The fight only lasted 20 minutes, but “seemed like eternity,” Myerson says. “He kinda lost some steam and started coming back toward the boat and I was able to gain a lot of line. Then the net got stuck on the boat’s swimming platform and wouldn’t come off. The fish was ready to be netted and we were in a little bit of a panic mode for a minute. We finally freed the net and got the fish in the boat.” Another look revealed how close someone else had come to setting the new world record: the striper had a hook and about 6 ft. of leader in its mouth, evidence of a recent hookup that had broken off.
Lots of folks would have headed straight for the nearest scale: Myerson headed to Six Mile Reef to fish out the tide. Using his standard night bait of live eels (“I use the giant eels nobody else uses; if something’s gonna grab it, I know it’s big”) for the next 2 ½ hours he pulled a dozen more stripers out of the sea, all the time running back to the fish hold to peer at his prize catch. “I kept saying, ‘Is that fish really that big? Yep, it is.'”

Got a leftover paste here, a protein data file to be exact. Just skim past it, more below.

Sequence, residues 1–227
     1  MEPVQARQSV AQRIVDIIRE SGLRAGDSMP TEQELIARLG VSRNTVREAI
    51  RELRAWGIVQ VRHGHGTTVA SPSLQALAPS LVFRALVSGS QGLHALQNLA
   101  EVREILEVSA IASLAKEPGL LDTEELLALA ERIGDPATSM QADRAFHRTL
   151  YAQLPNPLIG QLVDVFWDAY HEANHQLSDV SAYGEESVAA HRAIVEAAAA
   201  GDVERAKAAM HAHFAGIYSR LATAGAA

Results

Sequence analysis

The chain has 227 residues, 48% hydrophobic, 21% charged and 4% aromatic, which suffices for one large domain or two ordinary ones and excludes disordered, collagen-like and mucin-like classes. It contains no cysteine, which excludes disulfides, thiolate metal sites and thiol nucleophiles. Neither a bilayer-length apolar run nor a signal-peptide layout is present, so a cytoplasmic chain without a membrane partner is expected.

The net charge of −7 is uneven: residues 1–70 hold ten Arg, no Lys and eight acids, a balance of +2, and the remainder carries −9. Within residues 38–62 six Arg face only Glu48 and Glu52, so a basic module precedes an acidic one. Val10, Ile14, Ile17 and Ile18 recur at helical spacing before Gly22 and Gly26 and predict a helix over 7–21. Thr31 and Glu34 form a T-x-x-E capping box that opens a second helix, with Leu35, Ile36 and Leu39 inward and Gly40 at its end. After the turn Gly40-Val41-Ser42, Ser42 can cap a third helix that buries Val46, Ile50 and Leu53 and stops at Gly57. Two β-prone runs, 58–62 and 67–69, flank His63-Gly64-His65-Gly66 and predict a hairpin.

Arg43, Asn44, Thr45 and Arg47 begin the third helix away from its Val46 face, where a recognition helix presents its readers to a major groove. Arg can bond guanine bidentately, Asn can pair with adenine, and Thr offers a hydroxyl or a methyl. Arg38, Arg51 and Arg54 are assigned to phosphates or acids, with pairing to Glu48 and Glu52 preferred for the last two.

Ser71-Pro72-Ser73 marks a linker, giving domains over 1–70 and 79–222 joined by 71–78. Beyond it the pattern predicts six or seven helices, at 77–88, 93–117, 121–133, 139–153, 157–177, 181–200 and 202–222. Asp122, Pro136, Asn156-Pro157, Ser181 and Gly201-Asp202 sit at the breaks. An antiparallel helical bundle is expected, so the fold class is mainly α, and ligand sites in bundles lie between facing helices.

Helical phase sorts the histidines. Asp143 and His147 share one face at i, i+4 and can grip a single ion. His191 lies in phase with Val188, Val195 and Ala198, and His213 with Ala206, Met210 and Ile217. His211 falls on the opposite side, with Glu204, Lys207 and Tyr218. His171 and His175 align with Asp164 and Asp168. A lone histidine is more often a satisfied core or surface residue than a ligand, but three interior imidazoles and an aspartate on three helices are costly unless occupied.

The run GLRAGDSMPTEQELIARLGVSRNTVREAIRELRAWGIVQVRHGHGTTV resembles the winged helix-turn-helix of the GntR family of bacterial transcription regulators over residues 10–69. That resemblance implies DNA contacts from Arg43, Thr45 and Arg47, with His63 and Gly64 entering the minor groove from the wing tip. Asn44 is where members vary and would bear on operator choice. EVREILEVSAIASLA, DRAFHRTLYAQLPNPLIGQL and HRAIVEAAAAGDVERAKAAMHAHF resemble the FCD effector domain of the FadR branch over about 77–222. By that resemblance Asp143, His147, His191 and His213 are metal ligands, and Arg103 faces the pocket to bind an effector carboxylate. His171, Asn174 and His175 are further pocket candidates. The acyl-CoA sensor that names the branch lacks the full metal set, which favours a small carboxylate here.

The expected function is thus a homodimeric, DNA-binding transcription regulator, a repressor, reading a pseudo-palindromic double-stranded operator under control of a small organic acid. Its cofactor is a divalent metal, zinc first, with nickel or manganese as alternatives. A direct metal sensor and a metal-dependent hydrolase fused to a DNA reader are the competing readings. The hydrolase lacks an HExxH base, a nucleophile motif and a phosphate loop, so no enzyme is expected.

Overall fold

With no certified scale available at that hour, Myerson didn’t officially weigh his catch until 8:30 the next morning, nearly 12 hours after he caught it. The 54-inch striper spent the night packed in ice in a cooler. The crowd gathered at the dock soon morphed into a big party, and Myerson reports, “This morning I was home in bed smelling like fish and with a major headache.” And with a pending world record in his back pocket.
Another big crowd was on hand when Myerson showed up to weigh the fish at Jack’s Shoreline Bait and Tackle in Westbrook. Many–including Myerson himself–were shocked when the scale topped 80 pounds and settled at 81.88. Owner Jack Katzenbach says there’s one thing that’s no surprise: “If anyone was going to catch a world record, it was going to be Myerson,” he says. “He’s a regular in here and in the last year alone he’s had three fish over 60 pounds.” One, a 68.75-lb. striper caught this time last year on the same reef, was until now the biggest striper Katzenbach had ever seen.
The madhouse scene of flashing cameras and shouted questions was all too much for Myerson. “I’m a private person, and I wasn’t exactly feeling my best this morning,” he says. “I told Jack, ‘I’ve had enough. I’m out of here,’ and I left.” Rumors started buzzing around the Internet that Myerson had a panic attack and drove himself to the hospital. “That’s not true at all. I don’t know where the hell that came from. It just proves how asinine some people can be when a big fish is involved. It’s crazy.”
There’s another rumor he can put to rest: Reports that Myerson won’t enter the fish as a world record? Bunk, he says. “I’d be an ass if I didn’t, wouldn’t I?” Yet at the same time, he says, “I don’t care about the world record. I broke my all-time record, and that’s what really matters to me.”